Filing 2853

ORDER RE MOTION TO EXCLUDE DR. LESLIE M. MARX. Signed by Judge James Donato on 11/18/2021. (jdlc2, COURT STAFF) (Filed on 11/18/2021)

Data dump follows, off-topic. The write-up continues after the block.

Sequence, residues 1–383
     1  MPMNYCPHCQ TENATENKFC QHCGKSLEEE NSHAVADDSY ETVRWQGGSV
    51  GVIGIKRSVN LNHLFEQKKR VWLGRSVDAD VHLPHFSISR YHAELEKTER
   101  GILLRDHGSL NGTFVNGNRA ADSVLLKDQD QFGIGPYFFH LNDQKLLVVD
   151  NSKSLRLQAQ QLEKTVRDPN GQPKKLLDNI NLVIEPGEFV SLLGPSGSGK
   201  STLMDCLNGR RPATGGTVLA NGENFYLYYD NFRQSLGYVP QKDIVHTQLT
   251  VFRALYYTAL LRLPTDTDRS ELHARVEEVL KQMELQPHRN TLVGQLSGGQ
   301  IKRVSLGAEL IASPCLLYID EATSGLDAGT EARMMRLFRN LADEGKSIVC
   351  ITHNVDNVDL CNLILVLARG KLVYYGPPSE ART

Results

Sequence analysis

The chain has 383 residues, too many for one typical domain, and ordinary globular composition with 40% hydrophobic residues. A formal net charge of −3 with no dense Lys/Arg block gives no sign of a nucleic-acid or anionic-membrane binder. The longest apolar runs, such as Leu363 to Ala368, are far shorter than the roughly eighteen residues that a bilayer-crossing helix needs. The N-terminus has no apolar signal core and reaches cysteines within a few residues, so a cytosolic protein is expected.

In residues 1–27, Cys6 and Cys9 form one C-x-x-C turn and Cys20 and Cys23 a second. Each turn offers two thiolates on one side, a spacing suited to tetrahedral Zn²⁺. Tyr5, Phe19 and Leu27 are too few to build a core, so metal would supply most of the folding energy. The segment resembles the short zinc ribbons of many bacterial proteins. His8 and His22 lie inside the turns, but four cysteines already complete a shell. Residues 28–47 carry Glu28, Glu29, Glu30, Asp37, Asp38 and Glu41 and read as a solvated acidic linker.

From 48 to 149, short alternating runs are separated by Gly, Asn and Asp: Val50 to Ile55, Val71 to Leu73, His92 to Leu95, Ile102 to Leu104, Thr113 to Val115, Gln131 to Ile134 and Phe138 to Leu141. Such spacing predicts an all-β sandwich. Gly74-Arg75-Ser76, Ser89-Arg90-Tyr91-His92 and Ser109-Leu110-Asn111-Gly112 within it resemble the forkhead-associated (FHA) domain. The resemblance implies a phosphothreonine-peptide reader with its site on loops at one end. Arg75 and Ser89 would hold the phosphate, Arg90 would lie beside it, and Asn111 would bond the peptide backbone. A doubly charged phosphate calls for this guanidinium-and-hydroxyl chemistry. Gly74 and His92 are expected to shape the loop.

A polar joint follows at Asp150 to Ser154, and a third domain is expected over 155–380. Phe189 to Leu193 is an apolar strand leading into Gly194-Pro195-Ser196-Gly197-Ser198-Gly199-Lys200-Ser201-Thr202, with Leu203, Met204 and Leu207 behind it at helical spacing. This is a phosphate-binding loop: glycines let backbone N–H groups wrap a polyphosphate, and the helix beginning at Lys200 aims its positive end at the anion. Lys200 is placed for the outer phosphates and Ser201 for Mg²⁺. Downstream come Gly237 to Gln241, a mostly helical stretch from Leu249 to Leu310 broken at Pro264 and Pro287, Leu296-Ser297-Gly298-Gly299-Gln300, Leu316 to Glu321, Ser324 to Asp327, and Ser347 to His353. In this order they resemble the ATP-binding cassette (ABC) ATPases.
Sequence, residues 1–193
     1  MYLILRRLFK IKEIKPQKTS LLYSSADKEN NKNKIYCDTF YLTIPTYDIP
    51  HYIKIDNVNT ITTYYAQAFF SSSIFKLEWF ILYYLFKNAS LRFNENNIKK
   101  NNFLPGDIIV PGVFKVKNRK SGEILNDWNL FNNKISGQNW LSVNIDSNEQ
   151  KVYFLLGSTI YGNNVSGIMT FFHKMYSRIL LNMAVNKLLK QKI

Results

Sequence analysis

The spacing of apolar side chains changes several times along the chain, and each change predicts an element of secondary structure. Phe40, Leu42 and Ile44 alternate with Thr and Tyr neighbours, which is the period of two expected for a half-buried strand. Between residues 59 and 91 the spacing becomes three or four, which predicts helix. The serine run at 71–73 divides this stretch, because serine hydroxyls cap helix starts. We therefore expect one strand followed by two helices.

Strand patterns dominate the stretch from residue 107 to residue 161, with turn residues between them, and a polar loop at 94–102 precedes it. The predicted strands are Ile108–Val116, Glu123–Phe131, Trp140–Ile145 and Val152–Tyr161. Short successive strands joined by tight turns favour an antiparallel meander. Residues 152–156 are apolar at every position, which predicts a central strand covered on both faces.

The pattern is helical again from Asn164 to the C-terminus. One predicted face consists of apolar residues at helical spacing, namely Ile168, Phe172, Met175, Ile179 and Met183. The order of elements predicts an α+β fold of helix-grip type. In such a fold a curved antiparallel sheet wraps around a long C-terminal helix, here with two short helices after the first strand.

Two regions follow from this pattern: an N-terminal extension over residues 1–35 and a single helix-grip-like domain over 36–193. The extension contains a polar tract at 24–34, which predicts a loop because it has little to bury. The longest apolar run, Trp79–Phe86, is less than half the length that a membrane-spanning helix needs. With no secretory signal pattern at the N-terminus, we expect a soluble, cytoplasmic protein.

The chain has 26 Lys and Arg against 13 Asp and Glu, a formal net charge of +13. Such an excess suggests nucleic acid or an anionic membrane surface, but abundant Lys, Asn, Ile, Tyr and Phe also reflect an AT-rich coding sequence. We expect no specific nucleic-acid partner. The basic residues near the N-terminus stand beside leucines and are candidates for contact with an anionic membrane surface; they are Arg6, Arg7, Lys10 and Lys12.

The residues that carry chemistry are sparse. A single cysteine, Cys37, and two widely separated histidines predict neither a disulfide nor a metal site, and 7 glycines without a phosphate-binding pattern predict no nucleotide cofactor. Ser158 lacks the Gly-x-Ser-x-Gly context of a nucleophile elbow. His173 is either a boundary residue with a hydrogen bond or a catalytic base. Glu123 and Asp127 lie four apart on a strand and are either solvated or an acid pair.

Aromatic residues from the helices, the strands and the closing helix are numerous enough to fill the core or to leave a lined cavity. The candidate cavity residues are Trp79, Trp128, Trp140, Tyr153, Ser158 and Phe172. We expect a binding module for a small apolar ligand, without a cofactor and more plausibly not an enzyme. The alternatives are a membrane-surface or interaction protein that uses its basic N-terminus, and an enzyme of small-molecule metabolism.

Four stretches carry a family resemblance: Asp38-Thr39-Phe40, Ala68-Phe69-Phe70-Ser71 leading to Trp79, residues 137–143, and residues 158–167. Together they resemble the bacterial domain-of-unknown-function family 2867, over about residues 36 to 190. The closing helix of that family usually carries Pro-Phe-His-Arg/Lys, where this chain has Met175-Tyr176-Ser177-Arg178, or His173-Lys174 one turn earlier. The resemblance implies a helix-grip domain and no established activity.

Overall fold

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1 2 3 4 UNITED STATES DISTRICT COURT 5 NORTHERN DISTRICT OF CALIFORNIA 6 IN RE CAPACITORS ANTITRUST LITIGATION 7 Case Nos. 14-3264 (Flextronics’ action); 17-3472; 17-7046; 17-7047; 18-2657; 19-1902 8 9 ORDER RE MOTION TO EXCLUDE DR. LESLIE M. MARX 10 11 United States District Court Northern District of California MDL Case No. 17-md-02801-JD MDL Dkt. No. 652 12 13 14 Among the many constituent cases in this multi-district antitrust litigation are six actions 15 brought by companies that opted out of the direct purchaser class to pursue claims on their own. 16 In those direct action plaintiff (DAP) cases, defendants filed a Daubert motion to exclude the 17 opinions of Dr. Leslie M. Marx, an economist retained jointly as a testifying expert witness by the 18 DAPs. Dkt. No. 652.1 The Court held a concurrent expert proceeding, known informally as a 19 “hot tub,” after which the parties filed supplemental briefs. Dkt. Nos. 1380, 1388, 1389. The 20 request to exclude Dr. Marx is denied, with some limited exceptions. 21 BACKGROUND 22 The six DAP cases are: (1) Flextronics’ case in In re Capacitors Antitrust Litigation, 23 No. 14-3264; (2) The AASI Beneficiaries Trust, by and through Kenneth A. Welt, Liquidating 24 Trustee v. AVX Corp., No. 17-3472; (3) Avnet Inc. v. Hitachi Chemical Co. Ltd., No. 17-7046; 25 (4) Benchmark Electronics Inc. v. AVX Corp., No. 17-7047; (5) Arrow Electronics, Inc. v. ELNA 26 Co., Ltd., No. 18-2657; and (6) Jaco Electronics Inc. v. Nippon Chemi-Con Corp., No. 19-1902. 27 28 1 All docket number references are to the MDL docket, Case No. 17-md-02801-JD, unless otherwise specified. 1 All are constituent cases in the MDL that are separate actions proceeding individually. Direct 2 action plaintiffs Flextronics, AASI, Avnet, Benchmark, and Arrow jointly engaged Dr. Leslie M. 3 Marx to “determine the extent, if any, to which they were overcharged as a result of a conspiracy 4 among suppliers of aluminum, tantalum, and film capacitors.” Dkt. No. 772-7 (Marx Report) ¶ 8.2 5 Dr. Marx performed an analysis utilizing multiple regressions, and concluded that “the prices of 6 capacitors were elevated relative to non-collusive levels as a result of Cartel Participants’ 7 conduct.” Id. ¶ 16. She quantified “the extent of this elevation using an econometric model of 8 overcharges,” and found that AASI, Arrow, Avnet, Benchmark, and Flextronics had all been 9 subject to overcharges for their capacitor purchases during the relevant time period, in the range of 10 16.4% to 18.9%. Id. ¶¶ 16-17. Some of the defendants in the DAP cases jointly filed a motion to exclude Dr. Marx’s United States District Court Northern District of California 11 12 opinion and testimony under Rules 104(a) and 702 of the Federal Rules of Evidence, and Daubert 13 v. Merrell Dow Pharmaceuticals, Inc., 509 U.S. 579 (1993). Dkt. No. 652. Defendants say that 14 Dr. Marx’s econometric model is unreliable and invalid, and so is inadmissible for any use in the 15 litigations. Id. They ask that Dr. Marx be excluded completely. Id. After the motion was fully briefed, defendants proposed that the Court defer a decision on 16 17 it and pending summary judgment motions to hold a hot tub featuring DAPs’ expert, Dr. Marx, 18 and defendants’ experts, Dr. Laila Haider and Dr. Stephen Prowse. Dkt. No. 1276. The Court had 19 conducted a similar hot tub of the economists testifying in the DPP class action. Dkt. No. 957. 20 The DAPs did not object, and the Court set a hot tub modelled on the prior one, Dkt. No. 1279, 21 and directed the experts to prepare a joint statement of the top five areas of disagreement ranked in 22 descending order of importance. Dkt. Nos. 1317, 1365. As is the Court’s practice, the statement 23 was to be prepared directly by the experts themselves, without involvement of the attorneys. Dkt. 24 No. 1365. This was done because, in the Court’s experience, hot tubs are most useful when the 25 opposing experts work and communicate directly with each other, free of attorney filtering. 26 27 28 2 Jaco did not engage Dr. Marx and was initially not a part of the Daubert motion briefing, but it later joined in the concurrent expert proceeding and supplemental briefing. Dkt. Nos. 1382, 1389. 2 The joint statement of Dr. Haider, Dr. Prowse, and Dr. Marx, listed just two topics of 1 2 disagreement. Dkt. No. 1346. One was Dr. Marx’s use of a “specific type of price index, called a 3 ‘chained Fisher price index,’ as the dependent variable in her regression equations.” Id., Ex. 1. 4 Dr. Prowse expressed the opinion that this is “not a peer-reviewed or otherwise accepted 5 methodology in the economics community for calculating market-wide overcharges due to price- 6 fixing.” Id. The other disagreement concerned the reliability of Dr. Marx’s regressions equations, 7 specifically in connection with the outcomes generated when the starting month for the annual 8 cartel indicator variable was changed. Id. Dr. Haider opined that a methodology cannot be valid 9 “when a trivial change to the starting month yields starkly different and even absurd results.” Id. The joint statement framed a lively discussion among the experts which was held before 10 United States District Court Northern District of California 11 the Court for more than two hours via remote access video due to pandemic concerns. Dkt. Nos. 12 1380, 1382. The experts presented slide shows, and engaged in an in-depth conversation and 13 exchange of views moderated by the Court. Dkt. No. 1382. As the Court has found in similar 14 proceedings, this interaction was immensely helpful in understanding each expert’s point of view 15 and theory of the case, far more so than the often stultifying Q&A routine of traditional Daubert 16 hearings. At the end of the experts’ discussion, the Court invited the attorneys to ask questions of 17 the experts, and directed the parties to submit simultaneous, supplemental briefs, addressing the 18 main issues that emerged from the hot tub. Id. at 71:8-81:22; Dkt. Nos. 1388, 1389. This order 19 resolves the Daubert challenges as focused by the concurrent expert proceeding and the 20 supplemental briefing. DISCUSSION 21 22 23 24 25 I. LEGAL STANDARDS Rule 702 of the Federal Rules of Evidence provides that: A witness who is qualified as an expert by knowledge, skill, experience, training, or education may testify in the form of an opinion or otherwise if: 27 (a) the expert’s scientific, technical, or other specialized knowledge will help the trier of fact to understand the evidence or to determine a fact in issue; 28 (b) the testimony is based on sufficient facts or data; 26 3 (c) the testimony is the product of reliable principles and methods; and 1 2 (d) the expert has reliably applied the principles and methods to the facts of the case. 3 The Court’s obligation under Rule 702 is to “ensure that any and all scientific testimony or 4 5 evidence admitted is not only relevant, but reliable.” Daubert, 509 U.S. at 589. There is no 6 “definitive checklist or test” for this determination, and the “inquiry envisioned by Rule 702 is . . . 7 a flexible one.” Id. at 593-94. The determination is made with the understanding that “[v]igorous 8 cross-examination, presentation of contrary evidence, and careful instruction on the burden of 9 proof are the traditional and appropriate means of attacking shaky but admissible evidence.” Id. at 10 United States District Court Northern District of California 11 596. The Court’s “gatekeeping” duty for admissibility under Daubert “applies not only to 12 testimony based on ‘scientific’ knowledge, but also to testimony based on ‘technical’ and ‘other 13 specialized’ knowledge.” Kumho Tire Co., Ltd. v. Carmichael, 526 U.S. 137, 141 (1999). “[T]he 14 test of reliability is ‘flexible,’ and Daubert’s list of specific factors neither necessarily nor 15 exclusively applies to all experts or in every case.” Id. The Court has “considerable leeway in 16 deciding in a particular case how to go about determining whether particular expert testimony is 17 reliable.” Id. at 152. 18 Our circuit has identified “several non-exclusive factors that judges can consider when 19 determining whether to admit expert testimony under Rule 702,” such as “whether the theory or 20 technique employed by the expert is generally accepted in the scientific community; whether it’s 21 been subjected to peer review and publication; whether it can be and has been tested; and whether 22 the known or potential rate of error is acceptable.” Wendell v. GlaxoSmithKline LLC, 858 F.3d 23 1227, 1232 (9th Cir. 2017) (quotations and citations omitted). The Court may “also consider 24 whether experts are testifying ‘about matters growing naturally’ out of their own independent 25 research, or if ‘they have developed their opinions expressly for purposes of testifying.’” Id. 26 These factors are “illustrative, and they are not all applicable in each case”; the Daubert inquiry is 27 “flexible,” and “Rule 702 should be applied with a ‘liberal thrust’ favoring admission.” Id. 28 (quotations and citations omitted). 4 1 II. THE EXPERTS’ DISAGREEMENTS 2 A. 3 Before getting to the experts’ disagreements, a word about Dr. Marx is in order. The Fisher Price Index 4 Defendants did not challenge Dr. Marx’s qualifications, and for good reason. She holds a B.S. in 5 mathematics from Duke University and a Ph.D. in economics from Northwestern University. 6 Marx Report ¶ 1. Since 2002, she has been a Professor of Economics at the Fuqua School of 7 Business at Duke University, and she is also a partner at Bates White Economic Consulting, a 8 professional services firm. Id. ¶¶ 1-2. Among other relevant experience, she was the Chief 9 Economist for the Federal Communications Commission from 2005 to 2006, and has co-taught sessions on “Cartels” and “Agreement and Facilitation Practices” at the Antitrust Law & 11 United States District Court Northern District of California 10 Economics Institute for Judges, which was co-sponsored by the ABA Section of Antitrust Law 12 and the Law & Economics Center at George Mason University School of Law. Id. ¶¶ 2, 4. 13 Dr. Marx has also taught “Advanced Merger Economics,” “Cartel Investigations,” “Proving 14 Collusive Agreements,” and “Pleading and Proving Conspiracy” at the ABA Antitrust Section 15 Masters Course. Id. ¶ 4. She is well qualified to provide expert opinions in the field of antitrust 16 economics. 17 The main disagreement at the hot tub was about Dr. Marx’s use of a chained Fisher price 18 index as the dependent variable in her regression analysis. In defendants’ view, this was highly 19 unorthodox, “not generally accepted in the professional economics community,” and not 20 “subjected to peer review.” Dkt. No. 652 at 8. At the hot tub, Dr. Prowse said there is “no support 21 for [using] a price index as a dependent variable in [a] regression designed to calculate 22 overcharges in the economics literature.” Dkt. No. 1382 at 20:7-9. He opined that the only 23 “accepted method for constructing the dependent variable when there may be thousands of 24 transactions for heterogenous products in each month, which it the case here,” is “to use panel 25 data.” Id. at 23:17-21; see also id. at 25:22-24 (“panel data is overwhelmingly recommended for 26 use by professional economists in the peer-reviewed economic literature to estimate overcharges 27 in price-fixing matters.”). 28 5 1 The Daubert factors in play here are “whether the theory or technique employed by the 2 expert is generally accepted in the scientific community,” and “whether it’s been subjected to peer 3 review and publication.” Wendell, 858 F.3d at 1232. Additional relevant caveats are that “general 4 acceptance” is not an “absolute prerequisite to admissibility,” and “peer review and publication” 5 are also not “dispositive” considerations. Daubert, 509 U.S. at 588, 593-94. Defendants have not demonstrated that Dr. Marx’s use of the Fisher price index as a 7 dependent variable is so far beyond the pale as to warrant exclusion. As Dr. Marx stated at the hot 8 tub, the “time series approach,” which includes using a price index as the dependent variable, is 9 “put forward side-by-side with a panel regression approach in the ABA handbook.” Dkt. 10 No. 1382 at 40:24-41:2; see also Dkt. No. 1389-4 (Proving Antitrust Damages: Legal and 11 United States District Court Northern District of California 6 Economic Issues, 3rd ed. (Washington, DC: ABA Section of Antitrust Law, 2017)) at ECF p. 50 12 (“Datasets can be composed of single observations over a period of time (a time series) or of a 13 number of observations in [a] single time period (a cross section). In general, data sets consisting 14 of both time series and cross-sectional observations are called cross-section time series data or 15 panel data.”). 16 DAPs proffered other sources that validate Dr. Marx’s approach as within the range of 17 accepted methodology in the field. See, e.g., Dkt. No. 1389-3 (Regression Estimates of Damages 18 in Price-Fixing Cases, Law and Contemporary Problems, Vol. 46; No. 4 (1983) by Finkelstein & 19 Levenbach) at ECF pp. 22-25 (“The difficulty of constructing econometric models that satisfy 20 theoretical requirements suggests that one might use more general methods that do not assume that 21 the explanatory variables included in the equation have accounted for everything except random 22 error. This point of view leads to various methods of time series analysis that have found 23 widespread applications in recent years.”; “In the absence of a consensus, advocates of time series 24 analysis argue that their methods should be preferred because of simplicity and directness.”); Dkt. 25 No. 1389-9 (A Practical Guide to Price Index and Hedonic Techniques (Practical Econometrics) 26 (2014) by Ana M. Aizcorbe) at ECF pp. 3-4 (potential application of price index and hedonic 27 techniques includes determination of “how much prices deviated from this benchmark due to 28 alleged anti-competitive practices”); Dkt. No. 1389-12 (Estimating Overcharges in Antitrust 6 1 Cases Using a Reduced-Form Approach: Methods and Issues, Journal of Applied Economics, by 2 James Neiderberg) at ECF p. 17 (“time-series data frequently are used in econometric analyses 3 related to antitrust issues”); Dkt. No. 1389-14 (Quantifying Antitrust Damages: Towards Non- 4 Binding Guidance for Courts (Study Prepared for the European Commission)) at ECF p. 7 5 (“comparator-based approaches” include “time-series comparisons (analyzing prices before, 6 during, and/or after an infringement)”). 7 DAPs also established that defendants’ own experts have used a time series approach, and in some cases, the Fisher price index itself, or have spoken of these approaches as being 9 acceptable choices. See, e.g., Dkt. No. 1387-8 (Expert Report of Dr. Darrell Williams) at ECF 10 pp. 6-12 (multiple graphs using Fisher price index); Dkt. No. 1387-10 (Deposition Transcript of 11 United States District Court Northern District of California 8 Dr. Warren-Boulton) at ECF pp. 5-6 (“There are multiple indexes that you can form. Each one 12 has particular advantages and disadvantages. The two most common are the Fisher linked price 13 index and what’s called the hedonic price index. Both are used routinely by the government for 14 things like the Consumer Price Index. Some in -- in antitrust cases people will use the Fisher 15 index. Sometimes they’ll use a hedonic.”; “I don’t have a strong opinion as to which one is 16 better.”). 17 It may be that Dr. Prowse personally favors a panel data approach to a time series in his 18 own work, see Dkt. No. 1382 at 23:21, but that does not detract from the validity of Dr. Marx’s 19 method. There is more than one way to peel an onion, and the use of a different method is not 20 automatically “junk science” or a “bogus” approach that warrants total exclusion. Wendell, 858 21 F.3d at 1235-37. Based on the discussion at the hot tub and the parties’ briefing, the Court 22 concludes that Dr. Marx’s analysis is sufficiently reliable and valid to be admissible under Rule 23 702 and Daubert. Defendants will have ample opportunity at trial to test it through vigorous 24 cross-examination, the presentation of counter-evidence, and instruction on the burden of proof. 25 See Daubert, 509 U.S. at 596. 26 B. 27 The disagreement over Dr. Marx’s use of January as starting point for the annual cartel 28 The January Start Date indicator variable in her regression analysis also is not a ground for disqualification of her 7 opinions. That is because Dr. Haider and Dr. Prowse ultimately pinned the starting month dispute 2 to the price index method. When the Court asked, “what is the core problem in [Dr. Marx’s] 3 methodology, in your view, that leads to this sensitivity for starting months,” Dr. Haider referred 4 to the use of “time series econometrics.” Dkt. No. 1382 at 52:7-21; see also id. at 54:3-9 (“So it is 5 -- just to sum up. She compresses it down to a single price line. And she said herself she chose a 6 time series methodology because she thinks that’s the best way to go. Once she chose to go down 7 that route and once she went down that route, there are certain statistical properties that the line 8 may have.”). Dr. Prowse also identified “construction of Dr. Marx’s invalid Fisher price index on 9 the left-hand side” as the main “core problem . . . generating this instability in Dr. Marx’s results 10 month to month.” Id. at 69:16-21. Dr. Prowse added that, “if you take Dr. Marx’s model and all 11 United States District Court Northern District of California 1 you do is change the dependent variable to be a panel data variable and use fixed effects, the 12 instability that you see in the -- depending on which month you start, basically goes away.” Id. at 13 69:25-70:2. In effect, the starting month dispute is a reprise of the disagreement over the use of 14 the price index, and the Court declines to exclude Dr. Marx’s opinions for the same reasons. 15 Dr. Haider and Dr. Prowse also opined that the starting month instability in Dr. Marx’s 16 analysis was a function of her decision to use a lagged dependent variable. Dkt. No. 1382 17 at 52:22-24; 69:21-22. In response, Dr. Marx established that this was consistent with the 18 accepted literature, id. at 56:22-57:16, and that her model stood up when she removed this 19 variable. Id. at 58:17-61:11. The experts’ discussion at the hot tub indicated that this issue was 20 more a dispute about weight, and consequently appropriate for cross-examination at trial, than of 21 admissibility. See In re Capacitors Antitrust Litigation (No. III), No. 17-md-02801-JD, 2018 WL 22 5980139, at *6 (N.D. Cal. Nov. 14, 2018) (observations about whether expert properly included 23 all variables in regression analysis is “grist for a good cross-examination at trial, but they do not 24 play a material role in deciding whether [expert’s] work should be admitted under Rule 702”). 25 Defendants have not shown that Dr. Marx’s inclusion of a lagged dependent variable is akin to 26 anything like junk science. 27 28 So too for defendants’ passing suggestion in a brief that Dr. Marx’s model “imposes an artificial pattern on the monthly overcharges of each year,” such that “for any given year, the 8 1 monthly overcharges will either always increase month to month, or always decrease month to 2 month.” Dkt. No. 652 at 10-11. The experts did not identify this in their joint statement of 3 disputed issues, and it was not discussed or even mentioned during the concurrent expert 4 proceeding. Defendants did not develop the point otherwise in any way. It is not a basis for 5 excluding Dr. Marx. 6 III. OTHER PROPOSED TESTIMONY 7 Defendants ask that any testimony by Dr. Marx based on Section III of her report be 8 excluded “because her AVX/KEMET testimony is unsupported by the evidence and her remaining 9 testimony is outside the scope of her expertise and adds nothing to the record.” Dkt. No. 652 at 11-14. The parties agreed that this was a purely legal issue that should not be a part of the expert 11 United States District Court Northern District of California 10 hot tub. Dkt. No. 1317 at 2. 12 In Section III, Dr. Marx states that she “review[s] the information available concerning the 13 existence and operation of the capacitors cartel. This review serves two purposes. First, it 14 supports the reasonableness of the assumption given to me by counsel that there was a cartel 15 among capacitor manufacturers. Second, it supports the conclusion that the cartel was effective in 16 elevating prices above what they otherwise would have been.” Marx Report ¶ 44. Dr. Marx also 17 noted in a “scope of charge” section that “[c]ounsel instructed me to assume the existence of a 18 capacitors conspiracy and to assume that the participants in the conspiracy included” certain 19 defendants and other non-parties. Id. ¶ 9. 20 As a general proposition, the Court is not troubled by Dr. Marx’s summary of the 21 background facts provided by counsel as the context of her econometric analysis. Her mention of 22 strictly legal matters is a different matter. In a “summary of opinions,” Dr. Marx states: “The 23 record in this matter, including guilty pleas, findings of government competition agencies 24 worldwide, and contemporaneous documents, indicates that the Cartel Participants held hundreds 25 of meetings and engaged in bi-lateral and multi-lateral communications over a period extending 26 from at least as early as 1997 through early 2014. In these meetings and communications, the 27 Cartel Participants exchanged competitively sensitive information and made statements regarding 28 the legal risks of their conduct. Economically rational actors would not engage in such conduct 9 1 without deriving benefits from it. Indeed, my review of the record indicates that the cartel 2 included the collusive structures -- pricing, allocation, and monitoring and enforcement structures 3 -- known in the literature to facilitate effective collusion. This supports the conclusion that the 4 cartel was effective in elevating prices above what they otherwise would have been.” Marx 5 Report ¶ 15. 6 These comments are well outside Dr. Marx’s domain of antitrust economics. She will not 7 be permitted to offer opinions along these lines at trial. Specifically, Dr. Marx may not testify 8 about collusion, violations of antitrust law, or anticompetitive actions allegedly undertaken by 9 defendants and non-parties in these cases. Those opinions are excluded under Rule 702, and 10 United States District Court Northern District of California 11 12 because they would confuse and mislead the jury. FRE 402, 403. IT IS SO ORDERED. Dated: November 18, 2021 13 14 JAMES DONATO United States District Judge 15 16 17 18 19 20 21 22 23 24 25 26 27 28 10